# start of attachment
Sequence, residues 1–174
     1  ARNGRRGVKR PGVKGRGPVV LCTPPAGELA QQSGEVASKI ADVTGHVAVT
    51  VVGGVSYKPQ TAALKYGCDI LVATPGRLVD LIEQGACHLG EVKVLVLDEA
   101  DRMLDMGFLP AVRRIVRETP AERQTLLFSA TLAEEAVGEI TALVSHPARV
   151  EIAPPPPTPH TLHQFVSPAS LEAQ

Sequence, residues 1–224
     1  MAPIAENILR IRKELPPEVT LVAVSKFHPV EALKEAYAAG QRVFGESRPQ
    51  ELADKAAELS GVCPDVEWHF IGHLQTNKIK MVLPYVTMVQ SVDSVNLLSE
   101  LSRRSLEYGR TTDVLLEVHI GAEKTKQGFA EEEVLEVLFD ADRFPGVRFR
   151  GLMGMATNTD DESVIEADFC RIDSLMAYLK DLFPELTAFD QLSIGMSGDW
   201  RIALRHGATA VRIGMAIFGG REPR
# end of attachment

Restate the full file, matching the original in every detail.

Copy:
Sequence, residues 1–174
     1  ARNGRRGVKR PGVKGRGPVV LCTPPAGELA QQSGEVASKI ADVTGHVAVT
    51  VVGGVSYKPQ TAALKYGCDI LVATPGRLVD LIEQGACHLG EVKVLVLDEA
   101  DRMLDMGFLP AVRRIVRETP AERQTLLFSA TLAEEAVGEI TALVSHPARV
   151  EIAPPPPTPH TLHQFVSPAS LEAQ

Sequence, residues 1–224
     1  MAPIAENILR IRKELPPEVT LVAVSKFHPV EALKEAYAAG QRVFGESRPQ
    51  ELADKAAELS GVCPDVEWHF IGHLQTNKIK MVLPYVTMVQ SVDSVNLLSE
   101  LSRRSLEYGR TTDVLLEVHI GAEKTKQGFA EEEVLEVLFD ADRFPGVRFR
   151  GLMGMATNTD DESVIEADFC RIDSLMAYLK DLFPELTAFD QLSIGMSGDW
   201  RIALRHGATA VRIGMAIFGG REPR